Despite being barely competitive, the Jazz drew well during their first five years. However, by 1979 the franchise was sinking financially. Barry Mendelson, the team’s executive vice president for most of the early years, said one factor in the financial trouble was an 11 percent amusement tax, highest in the nation at the time. The team also couldn’t attract much local corporate support an important factor even in those days or local investors.
Battisone concluded that the franchise could not be viable in New Orleans and decided to move elsewhere. After scouting several new homes, he decided to move to Salt Lake City, even though it was a smaller market. However, Salt Lake City had proven it could support a pro basketball team when it played host to the American Basketball Association’s Utah Stars from 1970 to 1976. The Stars had been extremely popular in the city and had even won an ABA title in their first season after moving from Los Angeles. However, their finances inexplicably collapsed in their last two seasons, and they were shut down by the league 16 games into the 1975 – 1976 season after missing payroll. Although Salt Lake City was not known for its jazz culture, the team decided to keep the name, as well as the team’s original colors of green, purple and gold (the colors of Mardi Gras). Some were offended by the Jazz keeping the franchise name after moving from New Orleans, citing it as a metaphor for the theft of Jazz from its cultural roots; other commentators, including David Halberstam, noted that it was highly incongruous to have a nickname based on a genre of music largely pioneered and led by African-American artists used for a team in a state where the main religious body—the LDS Church—expressed many derogatory ideas towards blacks.
The Jazz were finally able to capitalize on regular season success. In 1996 – 1997, the Jazz had their best record in franchise history (64–18), and won the Midwest Division and finished with the best record in the Western Conference. The team was made up of the players, Stockton, Malone, and Hornacek, as well as Bryon Russell, Antoine Carr, Howard Eisley, and Shandon Anderson. Malone won his first NBA MVP for the 1996 – 1997 regular season, averaging 27.4 points, 9.9 rebounds, and 4.5 assists per game.
The Jazz reached the NBA Finals for the first time after beating the Los Angeles Clippers 3–0, Los Angeles Lakers 4–1, and Houston Rockets 4–2. The Jazz then met Michael Jordan and the Chicago Bulls in the Finals, losing to the Bulls 4–2, with the last two games decided in the final seconds (scores of 90–88 and 90–86).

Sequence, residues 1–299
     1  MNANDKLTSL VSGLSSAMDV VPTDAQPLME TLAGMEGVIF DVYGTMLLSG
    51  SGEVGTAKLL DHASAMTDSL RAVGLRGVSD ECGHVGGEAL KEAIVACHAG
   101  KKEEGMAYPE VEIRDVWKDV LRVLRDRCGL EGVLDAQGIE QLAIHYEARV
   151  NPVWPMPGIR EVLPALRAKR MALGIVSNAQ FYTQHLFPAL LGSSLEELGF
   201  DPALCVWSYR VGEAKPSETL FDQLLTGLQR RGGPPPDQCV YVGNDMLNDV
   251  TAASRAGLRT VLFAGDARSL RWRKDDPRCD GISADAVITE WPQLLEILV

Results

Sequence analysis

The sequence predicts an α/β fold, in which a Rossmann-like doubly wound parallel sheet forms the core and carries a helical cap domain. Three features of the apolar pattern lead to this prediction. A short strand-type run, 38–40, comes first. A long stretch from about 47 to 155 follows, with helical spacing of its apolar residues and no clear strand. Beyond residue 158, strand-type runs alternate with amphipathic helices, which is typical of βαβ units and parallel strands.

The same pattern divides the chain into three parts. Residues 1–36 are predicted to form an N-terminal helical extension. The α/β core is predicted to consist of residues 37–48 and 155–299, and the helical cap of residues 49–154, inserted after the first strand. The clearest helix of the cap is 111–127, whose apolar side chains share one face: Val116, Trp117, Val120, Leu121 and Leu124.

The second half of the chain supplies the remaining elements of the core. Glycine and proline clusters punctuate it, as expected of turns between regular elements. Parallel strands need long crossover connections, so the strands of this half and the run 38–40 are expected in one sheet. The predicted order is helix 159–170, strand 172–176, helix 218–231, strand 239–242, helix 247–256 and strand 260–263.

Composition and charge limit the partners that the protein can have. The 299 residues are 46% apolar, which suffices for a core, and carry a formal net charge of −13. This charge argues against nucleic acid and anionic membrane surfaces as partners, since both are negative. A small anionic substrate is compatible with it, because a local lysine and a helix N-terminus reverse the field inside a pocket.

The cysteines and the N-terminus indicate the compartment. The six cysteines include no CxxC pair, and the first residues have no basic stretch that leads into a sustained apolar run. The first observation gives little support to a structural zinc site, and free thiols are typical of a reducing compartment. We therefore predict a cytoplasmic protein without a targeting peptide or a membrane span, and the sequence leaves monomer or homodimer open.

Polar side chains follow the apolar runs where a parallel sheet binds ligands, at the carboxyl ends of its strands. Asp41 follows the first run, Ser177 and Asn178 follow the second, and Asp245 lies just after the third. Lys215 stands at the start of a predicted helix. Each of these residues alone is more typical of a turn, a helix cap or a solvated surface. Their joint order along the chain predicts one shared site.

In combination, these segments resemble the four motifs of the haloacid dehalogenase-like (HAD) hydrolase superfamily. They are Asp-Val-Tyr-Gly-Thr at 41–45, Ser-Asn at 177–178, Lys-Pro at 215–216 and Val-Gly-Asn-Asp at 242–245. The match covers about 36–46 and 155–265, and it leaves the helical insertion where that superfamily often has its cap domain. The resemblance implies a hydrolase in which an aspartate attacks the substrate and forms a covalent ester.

In the 1998 NBA Finals (again against the Chicago Bulls), the Jazz took Game 1 at home, 88–85 in overtime. However, the Bulls overcame a slow start to win Game 2, 93–88, easily took Game 3, 96–54 and won Game 4, 86–82 to lead the series 3–1. The Jazz fought back and won Game 5 on the road, 83–81, to trail 3–2 in the series, with Game 6 (and a Game 7 if needed) in Salt Lake City. The Jazz held a lead in most of Game 6, but the Bulls rallied, and in the last seconds of the game, Michael Jordan stole the ball from Malone on the final Jazz possession and then made a jump shot to win the game, 87–86, and the series for Chicago, 4–2.
Miller became a co-owner of the Utah Jazz when he purchased a 50% interest in the team on April 11, 1985 for $9.5 million. On June 16, 1986, he purchased the remaining 50% from Sam Battistone for $17.3 million.
Miller built the Vivint Smart Home Arena (formerly the Delta Center) in downtown Salt Lake City to house the Jazz NBA team.
The Utah Jazz are an American professional basketball team based in Salt Lake City, Utah. The Jazz compete in the National Basketball Association (NBA) as a member club of the league’s Western Conference Northwest Division. Since 1991, the team has played its home games at Vivint Smart Home Arena. The franchise began play in 1974 as the New Orleans Jazz, an expansion team based in New Orleans; the Jazz moved to Salt Lake City in 1979.
The Jazz were one of the least successful teams in the league in their early years. Although 10 seasons elapsed before the Jazz qualified for their first playoff appearance in 1984, they did not miss the playoffs again until 2004. During the late 1980s, John Stockton and Karl Malone arose as the franchise players for the team, and formed one of the most famed point guard–power forward duos in NBA history. Led by coach Jerry Sloan, who took over for Frank Layden in 1988, they became one of the powerhouse teams of the 1990s, culminating in two NBA Finals appearances in 1997 and 1998, where they lost both times to the Chicago Bulls, led by Michael Jordan.
New Orleans – Salt Lake City
1974 – Present / National Basketball Association
1979 – Present / Utah Jazz
1974 – 1979 / New Orleans Jazz
Jazz – The team originated in New Orleans in 1974 as the Jazz and club officials decided to keep the name after relocating to Salt Lake City in 1979.
NBA Championships 0
2015 – Present / Vivint Smart Home Arena
2006 – 2015 / EnergySolutions Arena
1991 – 2005 / Delta Center
1979 – 1991 / Salt Palace
1975 – 1979 / Louisiana Superdome
1974 – 1975 / Municipal Auditorium & Loyola Field House
2009 – Present / Greg and Gail Miller
1986 – 2009 / Larry Miller
1985 – 1986 / Sam Battistone and Larry Miller
1974 – 1985 / Sam Battistone
Who is the greatest Utah Jazz?
1 Frank Layden
4 Adrian Dantley
7 Pete Maravich
9 Larry H. Miller
12 John Stockton
14 Jeff Hornacek
32 Karl Malone
35 Darrell Griffith
53 Mark Eaton
1223 Jerry Sloan
– “Hot” Rod Hundley
1993 – Present / Jazz Bear
*Blue is this team’s history